Unprecedented barbarism

The historian and politician considers that “Hamas has been able to create a set of understandable and logical objectives in its strategy in Gaza, but its final tactic has been barbaric in a way that had not been seen in decades. Cold-blooded murders, kidnappings, rapes... The infamy will remain for many years like a wall between Israelis and Palestinians.” It will end up taking away arguments from Israelis who believed in reconciliation, and force many others to support Netanyahu in this war, he says. “It is one of the greatest crimes that Hamas has committed against what remains of the camp of peace supporters in Israel.”

In his opinion, the Israeli Army has become a law enforcement agency in the West Bank that constantly protects settler groups that instigate violence. “The weakness of the Palestinian Authority, caused by Israel, has brought the focus of Israel’s military deployments to the West Bank,” he says. On the other hand, he thinks that not enough attention has been paid to security around the Gaza Strip.

He also warns that the Palestinian population in general lives under a feeling of frustration and anger at the practices of the Israeli occupation. “It cannot be denied. For the occupying force and its civilians to be humiliated in such a way as has happened now, I don’t think it will spark rejection in the Palestinian population.”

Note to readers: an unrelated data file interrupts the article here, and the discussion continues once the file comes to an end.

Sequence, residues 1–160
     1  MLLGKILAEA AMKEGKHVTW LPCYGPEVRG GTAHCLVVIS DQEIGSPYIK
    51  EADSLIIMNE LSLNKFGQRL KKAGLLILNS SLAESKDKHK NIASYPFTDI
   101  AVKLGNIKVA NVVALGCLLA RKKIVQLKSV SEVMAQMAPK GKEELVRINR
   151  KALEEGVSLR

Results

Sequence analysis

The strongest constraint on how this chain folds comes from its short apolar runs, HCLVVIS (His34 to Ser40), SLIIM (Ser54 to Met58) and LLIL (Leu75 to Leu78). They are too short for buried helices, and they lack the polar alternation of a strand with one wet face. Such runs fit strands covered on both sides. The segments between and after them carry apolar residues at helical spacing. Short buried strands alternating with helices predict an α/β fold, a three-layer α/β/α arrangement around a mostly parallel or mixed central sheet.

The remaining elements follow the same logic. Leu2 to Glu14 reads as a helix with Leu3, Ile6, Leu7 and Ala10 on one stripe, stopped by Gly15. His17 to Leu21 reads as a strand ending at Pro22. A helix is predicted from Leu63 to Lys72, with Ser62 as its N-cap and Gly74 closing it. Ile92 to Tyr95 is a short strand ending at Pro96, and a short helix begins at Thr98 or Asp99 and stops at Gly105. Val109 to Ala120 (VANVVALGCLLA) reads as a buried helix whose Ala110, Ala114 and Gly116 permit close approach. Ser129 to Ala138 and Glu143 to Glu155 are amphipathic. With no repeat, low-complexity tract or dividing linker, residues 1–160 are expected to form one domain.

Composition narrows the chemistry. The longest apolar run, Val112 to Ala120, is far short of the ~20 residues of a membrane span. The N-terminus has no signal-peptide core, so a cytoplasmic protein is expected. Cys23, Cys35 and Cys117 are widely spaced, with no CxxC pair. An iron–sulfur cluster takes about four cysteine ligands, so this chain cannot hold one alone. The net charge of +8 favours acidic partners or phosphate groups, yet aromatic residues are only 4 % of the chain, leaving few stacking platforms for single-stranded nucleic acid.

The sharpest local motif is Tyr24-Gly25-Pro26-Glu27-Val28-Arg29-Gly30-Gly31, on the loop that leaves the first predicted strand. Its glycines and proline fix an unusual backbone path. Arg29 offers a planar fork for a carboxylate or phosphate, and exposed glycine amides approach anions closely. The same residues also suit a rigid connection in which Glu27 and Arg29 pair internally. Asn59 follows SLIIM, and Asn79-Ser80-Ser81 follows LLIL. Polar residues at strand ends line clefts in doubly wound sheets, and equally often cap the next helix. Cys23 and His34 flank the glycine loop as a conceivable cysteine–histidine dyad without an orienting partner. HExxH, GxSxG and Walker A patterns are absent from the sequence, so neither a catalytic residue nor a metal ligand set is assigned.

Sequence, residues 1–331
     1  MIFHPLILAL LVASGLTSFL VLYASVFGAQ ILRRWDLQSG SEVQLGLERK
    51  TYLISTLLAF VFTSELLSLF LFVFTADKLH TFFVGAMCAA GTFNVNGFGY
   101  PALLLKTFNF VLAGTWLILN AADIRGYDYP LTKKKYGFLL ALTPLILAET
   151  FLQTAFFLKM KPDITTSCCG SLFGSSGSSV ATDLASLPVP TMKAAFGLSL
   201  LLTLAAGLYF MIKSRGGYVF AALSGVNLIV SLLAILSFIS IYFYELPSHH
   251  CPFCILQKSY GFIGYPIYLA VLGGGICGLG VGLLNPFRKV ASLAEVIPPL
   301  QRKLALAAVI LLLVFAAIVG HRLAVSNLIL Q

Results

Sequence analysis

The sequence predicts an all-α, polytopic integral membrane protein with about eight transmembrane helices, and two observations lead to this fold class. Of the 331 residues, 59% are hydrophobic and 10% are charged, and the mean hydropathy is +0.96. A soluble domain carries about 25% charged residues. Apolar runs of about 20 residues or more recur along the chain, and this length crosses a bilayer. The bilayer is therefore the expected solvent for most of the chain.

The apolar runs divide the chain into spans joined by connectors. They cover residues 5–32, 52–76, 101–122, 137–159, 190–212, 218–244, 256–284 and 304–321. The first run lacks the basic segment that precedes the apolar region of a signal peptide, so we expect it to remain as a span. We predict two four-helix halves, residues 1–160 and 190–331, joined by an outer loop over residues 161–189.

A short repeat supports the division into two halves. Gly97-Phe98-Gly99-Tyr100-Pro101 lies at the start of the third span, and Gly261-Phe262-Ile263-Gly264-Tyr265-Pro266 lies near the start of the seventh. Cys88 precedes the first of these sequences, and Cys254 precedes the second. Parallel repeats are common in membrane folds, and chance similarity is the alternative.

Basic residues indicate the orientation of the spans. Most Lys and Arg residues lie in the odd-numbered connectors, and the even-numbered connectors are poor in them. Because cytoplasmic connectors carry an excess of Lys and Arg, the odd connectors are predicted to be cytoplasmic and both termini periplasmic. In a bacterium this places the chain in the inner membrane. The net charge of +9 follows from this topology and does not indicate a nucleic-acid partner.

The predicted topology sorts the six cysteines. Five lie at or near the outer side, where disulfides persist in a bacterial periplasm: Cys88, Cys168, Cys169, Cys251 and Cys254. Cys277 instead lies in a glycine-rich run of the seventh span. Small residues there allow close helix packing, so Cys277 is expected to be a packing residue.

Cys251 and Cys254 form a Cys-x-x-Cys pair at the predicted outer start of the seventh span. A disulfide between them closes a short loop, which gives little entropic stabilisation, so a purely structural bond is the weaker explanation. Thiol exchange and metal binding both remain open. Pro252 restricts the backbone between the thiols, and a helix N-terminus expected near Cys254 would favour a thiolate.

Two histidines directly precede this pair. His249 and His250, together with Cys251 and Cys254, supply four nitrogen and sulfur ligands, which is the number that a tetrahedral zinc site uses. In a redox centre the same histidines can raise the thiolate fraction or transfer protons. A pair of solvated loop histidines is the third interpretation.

Drawing from his own experience, Ben Ami notes that time is a healer of all wounds, no matter how deep. “If there are ever leaders with vision, what has happened now in and around Gaza should not be an obstacle to a future agreement. There has been much more blood between Germany and France throughout history than between Israelis and Palestinians,” he says. “But we have plenty of propagandists like Netanyahu, and murderers like those in the Hamas military leadership. With them, we can hardly think of a vision of the future. We lack leaders.”

For all its shortcomings, he trusts Israeli democracy to correct the flaws. “Now there is a type of government with people who live on a different planet, who do not work, who do not share the effort of military service,” he says, alluding to the presence of ultra-Orthodox Jews in the most right-wing Cabinet in the history of Israel.

When asked if the failure of Israel’s intelligence services is due to the fact that they have been concentrated more on the West Bank than on Gaza, he replies: “Before the Yom Kippur War (1973) there was no lack of intelligence in the ministers’ meetings, but despite having information, it was viewed under the strategic concept that the Arab countries had no military option against Israel.”

He continues: “Something similar might have happened with Netanyahu’s decision to focus on the West Bank, where he perceived a very active Palestinian resistance, and relegate intelligence on Gaza. Hamas was apparently tamed, focused on economic development and receiving money from Qatar in broad daylight.”